December 13, 2001

The mirage of a promising series

Rarely could a contest that promised so much have produced so little as the 1981-82 series between India and England. The Indians had performed very well at home over the past few years, and their feat of sharing a rubber in Australia for the first time the previous season had generated considerable interest. The Englishmen, for their part, had come back in dream fashion during the summer to win the Ashes after a fascinating contest with Australia. Naturally, the stage seemed set for a battle royal.


Kapil Dev and Dilip Vengsarkar provided some entertaining batting along the way, and Ravi Shastri, with 'a 30-year-old head on 20-year-old shoulders,' came of age as a utility man during the series. But the inability of Krishnamachari Srikkanth, Pranab Roy, Kirti Azad, Ashok Malhotra and Sandip Patil to make the most of their opportunities was a handicap that India could ill afford.
What was served up to an unsuspecting public, however, was a damp squib. Five of the six Tests were drawn, all of them in a row after India wrapped up the first Test in four days. The cricket was of the comatose variety, the batting uninspired, and the bowling little better.

Moreover, it was largely slow-motion cricket, with a negative strategy being blatantly pursued by both sides. Even slow bowlers took their time in sending down their overs, and time was wasted at any available opportunity. Symbolizing the tardy approach was the England over rate on the third morning of the fifth Test at Madras, less than 10 per hour. Laborious batting, ridiculously slow over rates, and defensive tactics ruined the series as a spectacle, despite the fact that there were dynamic players on both sides, including two of the leading all-rounders in the game in Kapil Dev and Ian Botham.

The England super-star came to this country riding a crest of success following his unbelievable feats in the Ashes series. He did not disappoint, topping the Test averages with 440 runs at 55.00. Only in bowling was he some disappointment. But then, on slow, placid pitches, it was almost next to impossible for any bowler to pick up wickets easily, and his figures of 17 wickets at 38.82 must be viewed in this perspective.

Graham Gooch and David Gower were the other enterprising players. The former topped the aggregates both for the Tests (487) and the tour (967) and generally was in rip-roaring form. Gower was less consistent, but he did get 375 runs in the Tests and 755 on the tour. Geoffrey Boycott and Chris Tavare were predictably more cautious in their approach, but they also finished among the runs. Boycott, making his first tour of India at 41, played only in the first four Tests, but this was enough for him to achieve his primary objective of becoming the highest run-getter in Test history. In the third Test at New Delhi, he surpassed Gary Sobers' tally of 8032 runs, also completing his 22nd and last century in what turned out to be his penultimate Test. He also had the satisfaction of heading the tour figures, scoring 701 runs at an average of 77.89. The inability of skipper Keith Fletcher to strike form and the failure of Mike Gatting, however, meant that the batting had loopholes and could be pierced.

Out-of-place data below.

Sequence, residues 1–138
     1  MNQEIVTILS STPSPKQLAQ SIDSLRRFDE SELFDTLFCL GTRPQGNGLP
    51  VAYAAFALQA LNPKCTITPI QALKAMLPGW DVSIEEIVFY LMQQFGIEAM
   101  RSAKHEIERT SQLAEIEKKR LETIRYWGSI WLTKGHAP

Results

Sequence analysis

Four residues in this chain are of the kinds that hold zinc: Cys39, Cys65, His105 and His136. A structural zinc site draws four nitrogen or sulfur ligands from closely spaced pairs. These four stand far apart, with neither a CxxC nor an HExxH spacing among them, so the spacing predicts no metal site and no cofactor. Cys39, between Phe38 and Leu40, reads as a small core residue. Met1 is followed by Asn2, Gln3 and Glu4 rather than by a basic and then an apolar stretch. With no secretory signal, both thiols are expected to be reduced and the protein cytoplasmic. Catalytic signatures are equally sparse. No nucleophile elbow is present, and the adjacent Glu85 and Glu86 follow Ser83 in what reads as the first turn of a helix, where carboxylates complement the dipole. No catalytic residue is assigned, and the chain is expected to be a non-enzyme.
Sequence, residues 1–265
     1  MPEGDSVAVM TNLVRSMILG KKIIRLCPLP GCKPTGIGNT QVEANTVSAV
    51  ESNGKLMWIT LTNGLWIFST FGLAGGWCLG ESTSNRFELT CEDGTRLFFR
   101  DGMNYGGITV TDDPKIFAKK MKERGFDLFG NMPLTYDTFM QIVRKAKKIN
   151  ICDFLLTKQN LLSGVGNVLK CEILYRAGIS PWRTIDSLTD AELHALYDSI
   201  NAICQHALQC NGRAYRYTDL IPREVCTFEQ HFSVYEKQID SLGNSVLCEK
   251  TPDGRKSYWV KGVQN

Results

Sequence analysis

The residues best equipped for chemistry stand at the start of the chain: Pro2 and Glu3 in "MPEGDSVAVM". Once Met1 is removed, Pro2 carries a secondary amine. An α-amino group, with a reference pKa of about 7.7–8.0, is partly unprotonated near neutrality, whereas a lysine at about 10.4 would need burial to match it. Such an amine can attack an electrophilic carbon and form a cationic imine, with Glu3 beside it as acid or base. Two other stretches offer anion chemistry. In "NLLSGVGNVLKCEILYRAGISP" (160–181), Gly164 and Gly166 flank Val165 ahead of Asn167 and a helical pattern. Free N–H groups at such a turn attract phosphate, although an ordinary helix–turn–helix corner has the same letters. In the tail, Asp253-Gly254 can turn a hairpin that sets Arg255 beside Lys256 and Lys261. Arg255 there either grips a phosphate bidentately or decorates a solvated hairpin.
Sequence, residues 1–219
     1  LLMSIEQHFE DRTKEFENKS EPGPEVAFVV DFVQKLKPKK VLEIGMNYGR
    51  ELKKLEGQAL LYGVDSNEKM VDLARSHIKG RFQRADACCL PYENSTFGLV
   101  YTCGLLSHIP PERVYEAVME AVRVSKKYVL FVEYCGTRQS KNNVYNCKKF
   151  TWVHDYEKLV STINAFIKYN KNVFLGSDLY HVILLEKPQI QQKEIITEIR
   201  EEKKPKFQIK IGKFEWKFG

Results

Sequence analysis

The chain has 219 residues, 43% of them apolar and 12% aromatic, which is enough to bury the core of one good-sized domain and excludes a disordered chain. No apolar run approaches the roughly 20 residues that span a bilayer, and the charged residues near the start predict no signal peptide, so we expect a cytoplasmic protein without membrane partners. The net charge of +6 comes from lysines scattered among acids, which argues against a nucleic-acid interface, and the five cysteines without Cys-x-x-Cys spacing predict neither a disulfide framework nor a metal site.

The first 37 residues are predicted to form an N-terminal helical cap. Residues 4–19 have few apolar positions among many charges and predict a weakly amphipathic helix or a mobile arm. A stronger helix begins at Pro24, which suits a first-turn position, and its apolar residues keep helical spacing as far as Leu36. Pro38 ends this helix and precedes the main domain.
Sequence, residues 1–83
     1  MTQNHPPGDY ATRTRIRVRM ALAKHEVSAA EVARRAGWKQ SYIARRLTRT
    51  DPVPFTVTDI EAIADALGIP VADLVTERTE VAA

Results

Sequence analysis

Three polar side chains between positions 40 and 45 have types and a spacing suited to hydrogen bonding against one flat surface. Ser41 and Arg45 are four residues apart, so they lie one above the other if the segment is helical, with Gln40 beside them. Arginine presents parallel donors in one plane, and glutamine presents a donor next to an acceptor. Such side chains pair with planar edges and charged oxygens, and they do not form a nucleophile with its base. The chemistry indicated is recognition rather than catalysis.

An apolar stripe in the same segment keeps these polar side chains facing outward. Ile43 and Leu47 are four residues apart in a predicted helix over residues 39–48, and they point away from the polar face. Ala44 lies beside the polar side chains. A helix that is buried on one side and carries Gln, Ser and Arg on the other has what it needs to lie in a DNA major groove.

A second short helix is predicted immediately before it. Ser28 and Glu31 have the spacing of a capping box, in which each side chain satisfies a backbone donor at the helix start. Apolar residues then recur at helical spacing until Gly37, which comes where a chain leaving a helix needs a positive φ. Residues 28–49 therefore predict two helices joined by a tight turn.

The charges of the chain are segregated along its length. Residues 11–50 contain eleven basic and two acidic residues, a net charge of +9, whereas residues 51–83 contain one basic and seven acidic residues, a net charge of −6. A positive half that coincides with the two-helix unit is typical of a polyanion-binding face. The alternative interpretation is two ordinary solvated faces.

The much-vaunted England bowling of Bob Willis, Botham, John Lever, Derek Underwood, Graham Dilley and John Emburey was blunted by slow pitches, and the Indian batsmen had no difficulty in negotiating them. Sunil Gavaskar ended up with his usual packet of runs ­ 500 runs at 62.50, including a mammoth 172 in the second Test at Bangalore, for which he batted 708 minutes ­ the longest innings by an Indian in first-class cricket. In fact, he was on the field for all but four balls of the match, opening the innings and being ninth out. Gundappa Viswanath, after a slow start, got a century and a double century, finishing with 466 runs at 58.25. His 222 in the fifth Test at Madras was the highest by an Indian against England.

During that match, he and Yashpal Sharma also became the seventh pair of batsmen to bat throughout an uninterrupted day of Test cricket. Indeed, it was only the second time that England had failed to take a wicket during a complete day's play, and the two became only the second Indian pair after Vinoo Mankad and Pankaj Roy (during their record 413-run opening partnership) to bat unbeaten through a day's play in Test cricket. The third-wicket partnership of 316 runs between Viswanath and Yashpal was the Indian record for that wicket against all countries.

Kapil Dev and Dilip Vengsarkar provided some entertaining batting along the way, and Ravi Shastri, with 'a 30-year-old head on 20-year-old shoulders,' came of age as a utility man during the series. But the inability of Krishnamachari Srikkanth, Pranab Roy, Kirti Azad, Ashok Malhotra and Sandip Patil to make the most of their opportunities was a handicap that India could ill afford. Patil was a major disappointment, especially after his heroics in Australia, and was dropped midway through the series, as was Srikkanth, who had been hailed as a bright new star with his swashbuckling approach.

The Indian bowling, in the hands of two medium-pacers and two left-arm spinners, lacked variety. With the exception of Dilip Doshi, the attack could do little on the unhelpful pitches. Shastri was still on the learning curve, while Kapil Dev and Madan Lal, after their purple patch at Bombay when they dismissed England on their own for 102, could achieve little. Doshi, however, bowled with his heart on his sleeve and finished with 22 wickets at 21.27 apiece ­ a splendid record, given the circumstances. The tour also featured a one-day international series in which India performed commendably, winning by a 2-1 margin. The first match of the series at Ahmedabad was, in fact, the first one-day international in India.